Invited to the special issue of Computational Geometry: Theory and Applications devoted to the conference.
We consider the relative complexities of a number of problems whose complexities are believed to be roughly Theta(n4/3). That is, for certain pairs of problems, we show that the complexity of one problem is asymptotically bounded by the complexity of the other. Each of the problems we consider can be solved in time O(n4/3+delta) or better, and there are Omega(n4/3) lower bounds for a few of them in specialized models of computation. However, the best known lower bound in any general model of computation is only Omega(n log n).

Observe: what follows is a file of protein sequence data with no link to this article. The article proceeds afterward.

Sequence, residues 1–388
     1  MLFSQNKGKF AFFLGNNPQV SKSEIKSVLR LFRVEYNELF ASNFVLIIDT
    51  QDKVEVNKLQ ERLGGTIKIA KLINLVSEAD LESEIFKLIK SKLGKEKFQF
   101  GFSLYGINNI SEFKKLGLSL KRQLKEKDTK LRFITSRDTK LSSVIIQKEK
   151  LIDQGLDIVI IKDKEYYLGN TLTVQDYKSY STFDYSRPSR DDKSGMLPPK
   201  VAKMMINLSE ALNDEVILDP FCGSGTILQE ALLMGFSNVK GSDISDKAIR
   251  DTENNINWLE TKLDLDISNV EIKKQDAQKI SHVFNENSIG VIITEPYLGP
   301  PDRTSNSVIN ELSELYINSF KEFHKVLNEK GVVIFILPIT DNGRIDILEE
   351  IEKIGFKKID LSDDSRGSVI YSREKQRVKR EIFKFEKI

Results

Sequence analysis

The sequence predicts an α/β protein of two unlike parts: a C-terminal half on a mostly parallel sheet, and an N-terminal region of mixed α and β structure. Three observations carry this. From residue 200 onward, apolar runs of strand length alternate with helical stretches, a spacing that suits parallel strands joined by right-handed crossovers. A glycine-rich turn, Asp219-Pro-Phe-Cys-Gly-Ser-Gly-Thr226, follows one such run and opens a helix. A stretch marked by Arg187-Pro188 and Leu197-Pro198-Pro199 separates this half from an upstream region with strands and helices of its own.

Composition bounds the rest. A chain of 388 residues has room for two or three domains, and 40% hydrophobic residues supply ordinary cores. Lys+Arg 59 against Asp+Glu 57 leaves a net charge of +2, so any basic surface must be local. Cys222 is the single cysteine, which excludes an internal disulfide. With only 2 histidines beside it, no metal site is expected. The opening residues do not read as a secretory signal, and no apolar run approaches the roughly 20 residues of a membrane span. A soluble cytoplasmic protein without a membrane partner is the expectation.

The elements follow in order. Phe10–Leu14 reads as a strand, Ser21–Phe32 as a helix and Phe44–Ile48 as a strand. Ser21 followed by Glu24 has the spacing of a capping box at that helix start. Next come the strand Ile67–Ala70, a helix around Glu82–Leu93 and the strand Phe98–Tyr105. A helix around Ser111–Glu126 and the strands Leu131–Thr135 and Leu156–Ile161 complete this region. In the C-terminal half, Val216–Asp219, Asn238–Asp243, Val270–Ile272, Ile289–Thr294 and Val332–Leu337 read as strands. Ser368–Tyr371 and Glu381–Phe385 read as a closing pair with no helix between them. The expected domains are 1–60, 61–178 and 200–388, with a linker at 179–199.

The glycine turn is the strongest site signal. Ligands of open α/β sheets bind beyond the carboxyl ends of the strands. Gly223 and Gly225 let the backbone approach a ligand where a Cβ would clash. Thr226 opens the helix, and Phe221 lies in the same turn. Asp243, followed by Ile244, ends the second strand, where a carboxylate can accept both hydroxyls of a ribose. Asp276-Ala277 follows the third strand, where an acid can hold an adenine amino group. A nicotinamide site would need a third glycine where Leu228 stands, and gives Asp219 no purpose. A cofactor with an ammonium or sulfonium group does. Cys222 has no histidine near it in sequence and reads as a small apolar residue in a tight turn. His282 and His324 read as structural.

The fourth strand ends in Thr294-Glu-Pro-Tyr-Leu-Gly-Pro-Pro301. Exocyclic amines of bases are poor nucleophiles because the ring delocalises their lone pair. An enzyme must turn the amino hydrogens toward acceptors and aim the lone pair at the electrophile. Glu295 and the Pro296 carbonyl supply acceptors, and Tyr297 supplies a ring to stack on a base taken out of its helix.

The paper is naturally divided into two parts. In the first part, we consider a large number of problems that are formally harder than Hopcroft's problem. These problems include various ray shooting problems, sorting line segments in R3, collision detection in R3, and halfspace emptiness checking in R5. In the second, we survey known reductions among problems involving lines in three-space, and among higher dimensional closest-pair problems. Some of our results rely on the introduction of formal infinitesimals during reduction; we show that such a reduction is meaningful in the algebraic decision tree model.